• KPIs in the business operations that will be affected by the benefit, both immediately after realization and for the future.
• Current or baseline performance levels, and improvement or deterioration trajectory anticipated.
• Benefits realization and business change costs.
• Capabilities required for the benefit to be realized: the project(s) within the programme directly related to the realization of the benefit.
• Outcomes that will need to be in place to enable the benefits realization.
• Business changes required for realization (to process, culture, people, policy).
• Related issues and risks to the full realization of the benefit.
• Any dependencies on contributory events, programmes or projects outside the boundary of this programme.
• Who is responsible for realizing this benefit (typically the Business Change Manager for this area of the business).
• Attribution: the benefits owner and the operations area that will receive this benefit.
• Measurement (financial wherever possible).
Benefits Management Roles and Responsibilities
Portfolio-level benefits management: key roles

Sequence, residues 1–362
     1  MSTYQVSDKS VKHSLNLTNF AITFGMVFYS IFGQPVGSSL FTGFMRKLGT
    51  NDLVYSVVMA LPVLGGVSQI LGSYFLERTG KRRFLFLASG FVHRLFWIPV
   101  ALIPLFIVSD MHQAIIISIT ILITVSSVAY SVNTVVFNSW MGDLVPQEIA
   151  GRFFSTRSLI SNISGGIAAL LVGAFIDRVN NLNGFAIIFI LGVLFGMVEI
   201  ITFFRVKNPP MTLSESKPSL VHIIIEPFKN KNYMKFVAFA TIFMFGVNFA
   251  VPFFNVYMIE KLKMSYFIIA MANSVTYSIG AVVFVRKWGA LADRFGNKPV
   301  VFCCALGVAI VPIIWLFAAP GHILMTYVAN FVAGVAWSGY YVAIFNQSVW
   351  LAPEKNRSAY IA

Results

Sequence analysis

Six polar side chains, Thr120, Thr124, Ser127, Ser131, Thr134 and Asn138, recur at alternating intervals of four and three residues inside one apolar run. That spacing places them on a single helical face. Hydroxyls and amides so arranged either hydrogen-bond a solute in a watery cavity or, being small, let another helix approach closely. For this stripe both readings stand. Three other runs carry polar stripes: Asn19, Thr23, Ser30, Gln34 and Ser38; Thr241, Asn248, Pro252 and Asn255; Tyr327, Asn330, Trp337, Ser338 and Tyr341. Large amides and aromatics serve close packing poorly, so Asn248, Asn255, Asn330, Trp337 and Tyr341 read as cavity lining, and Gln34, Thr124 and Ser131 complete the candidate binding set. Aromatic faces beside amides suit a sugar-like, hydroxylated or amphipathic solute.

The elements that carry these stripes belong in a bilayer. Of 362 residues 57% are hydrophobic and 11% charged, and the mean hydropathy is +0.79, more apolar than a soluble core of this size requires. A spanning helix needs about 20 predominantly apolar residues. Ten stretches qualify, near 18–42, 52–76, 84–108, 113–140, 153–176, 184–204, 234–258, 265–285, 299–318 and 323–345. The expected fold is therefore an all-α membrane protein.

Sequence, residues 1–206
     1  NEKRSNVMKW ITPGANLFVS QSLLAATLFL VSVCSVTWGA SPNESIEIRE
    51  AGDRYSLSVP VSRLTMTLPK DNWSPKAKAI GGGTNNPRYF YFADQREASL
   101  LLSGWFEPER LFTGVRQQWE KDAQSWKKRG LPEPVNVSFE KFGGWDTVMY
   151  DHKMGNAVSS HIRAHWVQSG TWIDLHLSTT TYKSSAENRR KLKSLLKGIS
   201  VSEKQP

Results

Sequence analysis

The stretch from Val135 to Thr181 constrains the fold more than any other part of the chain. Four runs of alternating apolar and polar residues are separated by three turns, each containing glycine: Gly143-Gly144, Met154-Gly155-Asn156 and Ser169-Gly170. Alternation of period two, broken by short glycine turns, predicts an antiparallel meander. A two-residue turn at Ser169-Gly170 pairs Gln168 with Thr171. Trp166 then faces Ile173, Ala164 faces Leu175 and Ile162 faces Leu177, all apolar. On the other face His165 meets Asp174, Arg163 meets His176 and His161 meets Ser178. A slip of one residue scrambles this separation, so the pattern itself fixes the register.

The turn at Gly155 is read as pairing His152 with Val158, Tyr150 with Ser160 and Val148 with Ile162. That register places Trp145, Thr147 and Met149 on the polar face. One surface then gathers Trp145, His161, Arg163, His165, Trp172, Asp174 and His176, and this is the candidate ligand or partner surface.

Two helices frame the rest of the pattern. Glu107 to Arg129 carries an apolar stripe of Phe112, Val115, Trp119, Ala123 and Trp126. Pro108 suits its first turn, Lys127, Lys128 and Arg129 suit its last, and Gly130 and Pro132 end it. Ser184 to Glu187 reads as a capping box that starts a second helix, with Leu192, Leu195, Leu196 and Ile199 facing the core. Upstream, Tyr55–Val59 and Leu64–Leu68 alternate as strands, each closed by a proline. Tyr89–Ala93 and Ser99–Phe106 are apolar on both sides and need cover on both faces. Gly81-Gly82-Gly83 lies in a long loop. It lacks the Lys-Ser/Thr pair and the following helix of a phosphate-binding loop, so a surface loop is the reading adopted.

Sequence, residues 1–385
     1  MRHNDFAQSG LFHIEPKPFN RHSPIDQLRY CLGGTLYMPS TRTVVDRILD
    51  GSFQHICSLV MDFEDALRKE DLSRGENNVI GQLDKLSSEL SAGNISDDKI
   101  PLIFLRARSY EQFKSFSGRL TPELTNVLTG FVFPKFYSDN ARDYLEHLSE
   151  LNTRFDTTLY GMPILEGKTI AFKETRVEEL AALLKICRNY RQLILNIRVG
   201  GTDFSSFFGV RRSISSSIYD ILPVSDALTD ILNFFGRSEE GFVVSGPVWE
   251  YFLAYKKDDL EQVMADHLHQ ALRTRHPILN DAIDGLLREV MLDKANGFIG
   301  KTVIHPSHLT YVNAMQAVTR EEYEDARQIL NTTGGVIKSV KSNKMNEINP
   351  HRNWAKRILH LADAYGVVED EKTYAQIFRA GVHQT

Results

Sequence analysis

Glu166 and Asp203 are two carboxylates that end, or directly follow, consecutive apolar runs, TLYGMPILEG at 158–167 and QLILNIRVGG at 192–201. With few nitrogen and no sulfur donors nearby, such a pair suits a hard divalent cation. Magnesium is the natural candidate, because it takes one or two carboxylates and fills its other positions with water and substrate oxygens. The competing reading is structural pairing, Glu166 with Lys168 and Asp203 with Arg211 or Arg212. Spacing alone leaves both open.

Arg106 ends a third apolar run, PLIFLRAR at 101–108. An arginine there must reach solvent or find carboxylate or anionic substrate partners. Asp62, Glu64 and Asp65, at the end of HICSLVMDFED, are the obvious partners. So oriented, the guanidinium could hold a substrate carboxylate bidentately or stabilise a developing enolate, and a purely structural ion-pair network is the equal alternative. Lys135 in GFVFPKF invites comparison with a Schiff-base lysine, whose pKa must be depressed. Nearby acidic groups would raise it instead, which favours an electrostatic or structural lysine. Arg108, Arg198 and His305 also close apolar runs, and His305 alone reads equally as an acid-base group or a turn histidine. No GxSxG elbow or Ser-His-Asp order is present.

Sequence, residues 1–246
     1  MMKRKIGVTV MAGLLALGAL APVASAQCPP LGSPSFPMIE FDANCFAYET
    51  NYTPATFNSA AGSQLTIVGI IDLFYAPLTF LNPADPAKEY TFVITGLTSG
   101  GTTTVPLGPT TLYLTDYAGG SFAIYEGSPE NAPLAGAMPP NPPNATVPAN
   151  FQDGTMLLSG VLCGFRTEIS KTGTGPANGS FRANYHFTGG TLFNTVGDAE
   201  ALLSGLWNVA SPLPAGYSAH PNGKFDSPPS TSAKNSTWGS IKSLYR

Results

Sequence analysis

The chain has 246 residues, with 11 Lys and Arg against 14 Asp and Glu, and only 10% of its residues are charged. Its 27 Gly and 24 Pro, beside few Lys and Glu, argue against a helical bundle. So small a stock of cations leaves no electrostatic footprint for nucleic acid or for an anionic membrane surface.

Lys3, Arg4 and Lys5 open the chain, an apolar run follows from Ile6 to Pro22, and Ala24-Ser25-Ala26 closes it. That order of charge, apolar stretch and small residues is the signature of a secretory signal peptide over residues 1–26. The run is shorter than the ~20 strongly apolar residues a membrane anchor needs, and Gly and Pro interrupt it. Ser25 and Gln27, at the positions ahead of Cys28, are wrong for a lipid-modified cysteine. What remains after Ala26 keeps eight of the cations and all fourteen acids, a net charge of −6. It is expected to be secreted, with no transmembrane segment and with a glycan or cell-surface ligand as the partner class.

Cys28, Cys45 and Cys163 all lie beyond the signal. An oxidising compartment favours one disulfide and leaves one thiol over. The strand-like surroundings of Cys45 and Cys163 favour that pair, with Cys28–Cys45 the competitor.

• Portfolio Direction Group (PDG)/Investment Committee (IC) – the governance body where decisions about the inclusion of initiatives in the change portfolio are made.
• Portfolio Progress Group (PPG)/Change Delivery Committee (CDC) – the governance body responsible for monitoring portfolio progress and resolving issues that may compromise delivery and benefits realization.
• Business Change Director/Portfolio Director – the Management Board member responsible for the Portfolio Strategy and providing clear leadership through its life.
• Portfolio Benefits Manager (reporting to the Portfolio Manager/Head of the Portfolio Office) – ensures that a consistent ‘fit for purpose’ approach to benefits management is applied across the portfolio and that benefits realization is optimized from the organization’s investment in change.
• Senior Responsible Owner (SRO) – the single individual with overall responsibility for ensuring that a project or programme meets its objectives and delivers the projected benefits.
• Programme Manager – the role responsible for the set-up, management and delivery of a programme. Typically allocated to a single manager.
• Business Change Manager – the role responsible for benefits management, from identification through to realization, and for ensuring that the implementation and embedding of the new capabilities are delivered by the projects. Typically allocated to more than one individual and also known as ‘change agent’.
• Programme Office – the function providing the information hub and standards custodian for a programme and its delivery objectives. Could provide support for more than one programme. May include a benefits role (Benefits Manager) to provide a benefits realization support service to programmes, business managers and Business Change Managers.
• Benefit Owner – the person responsible for the realization of a specific benefit. Note that the role may well extend beyond the life of a programme.